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The Red Abbey Chron­i­cles: Maresi by Maria Turtschani­noff is pub­lished in hard­back by Pushkin. BLOOD, power, sis­ter­hood and fear en­twine in this young adult tale, where women are se­cond-class cit­i­zens, de­nied education and owned by their fa­thers. But there is a safe haven for girls to es­cape to, if they can: the Red Abbey is an an­cient, his­tor­i­cal sanc­tu­ary on a rocky is­land that prom­ises com­mu­nity, free­dom, pro­tec­tion – and no men. They just have to get there.

This ter­ri­fy­ing, topsy-turvy world comes into fo­cus thanks to the thought­ful nar­ra­tion of ti­tle char­ac­ter, and book-lover, Maresi, who tells us she ar­rived at the Abbey aged 13 and that ev­ery­thing had been whirring away just fine un­til new girl Jai ar­rived, her past hunt­ing her down with ev­ery pulse of the sea.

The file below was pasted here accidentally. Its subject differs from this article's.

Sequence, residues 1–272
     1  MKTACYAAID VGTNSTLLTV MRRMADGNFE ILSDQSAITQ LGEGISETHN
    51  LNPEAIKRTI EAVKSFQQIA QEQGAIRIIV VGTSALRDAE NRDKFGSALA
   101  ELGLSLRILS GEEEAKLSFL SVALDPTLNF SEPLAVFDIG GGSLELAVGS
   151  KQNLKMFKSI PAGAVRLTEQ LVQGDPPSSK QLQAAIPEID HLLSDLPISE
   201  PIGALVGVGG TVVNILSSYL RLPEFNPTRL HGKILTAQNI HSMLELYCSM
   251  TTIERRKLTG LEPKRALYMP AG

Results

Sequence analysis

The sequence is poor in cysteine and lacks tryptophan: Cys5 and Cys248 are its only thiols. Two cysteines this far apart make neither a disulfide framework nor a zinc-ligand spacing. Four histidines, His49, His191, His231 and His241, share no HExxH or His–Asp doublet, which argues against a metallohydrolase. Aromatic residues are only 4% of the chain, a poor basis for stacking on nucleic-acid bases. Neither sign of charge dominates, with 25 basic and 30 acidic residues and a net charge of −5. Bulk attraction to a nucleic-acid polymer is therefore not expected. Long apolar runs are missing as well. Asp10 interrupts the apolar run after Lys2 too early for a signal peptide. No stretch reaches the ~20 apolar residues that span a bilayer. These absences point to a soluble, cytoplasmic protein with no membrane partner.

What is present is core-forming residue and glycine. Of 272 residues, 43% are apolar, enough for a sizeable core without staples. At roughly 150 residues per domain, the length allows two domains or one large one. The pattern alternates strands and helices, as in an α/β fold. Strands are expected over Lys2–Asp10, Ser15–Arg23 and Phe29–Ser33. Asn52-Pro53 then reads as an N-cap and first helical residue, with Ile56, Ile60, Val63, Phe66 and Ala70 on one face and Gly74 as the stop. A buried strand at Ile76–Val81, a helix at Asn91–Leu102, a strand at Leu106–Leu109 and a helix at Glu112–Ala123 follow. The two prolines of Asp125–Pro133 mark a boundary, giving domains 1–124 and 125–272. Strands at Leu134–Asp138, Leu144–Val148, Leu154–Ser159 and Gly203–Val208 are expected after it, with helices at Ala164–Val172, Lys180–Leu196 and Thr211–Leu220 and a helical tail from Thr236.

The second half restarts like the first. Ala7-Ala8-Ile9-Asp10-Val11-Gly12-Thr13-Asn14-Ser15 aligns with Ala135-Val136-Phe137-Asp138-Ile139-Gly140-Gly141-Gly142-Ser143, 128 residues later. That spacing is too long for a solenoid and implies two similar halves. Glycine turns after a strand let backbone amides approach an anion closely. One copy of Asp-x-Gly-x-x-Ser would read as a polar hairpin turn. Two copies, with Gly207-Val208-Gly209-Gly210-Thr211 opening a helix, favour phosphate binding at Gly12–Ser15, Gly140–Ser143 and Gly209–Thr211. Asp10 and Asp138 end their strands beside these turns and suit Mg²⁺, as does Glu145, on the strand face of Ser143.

The first book in what will be a three-part se­ries from Fin­nish fan­tasy au­thor Turtschani­noff, it un­furls slowly, Maresi drip feed­ing us the se­cret his­to­ries of the is­land, its nooks and cran­nies, and su­per­nat­u­ral ten­den­cies, bind­ing th­ese strands to­gether with snip­pets about the Sis­ters (the Red Abbey’s el­ders) and Novices (the younger, gid­dier in­hab­i­tants of the is­land).

How­ever, as their idyll comes un­der threat from in­va­sion, the pace ratch­ets up and Turtschani­noff doesn’t shy away from the nas­tier, seamier sides of hu­man na­ture. The more mys­ti­cal el­e­ments could be toned down, but they don’t stop Maresi’s story be­ing any­thing less than ar­rest­ing.

8/10 (Re­view by Ella Walker)

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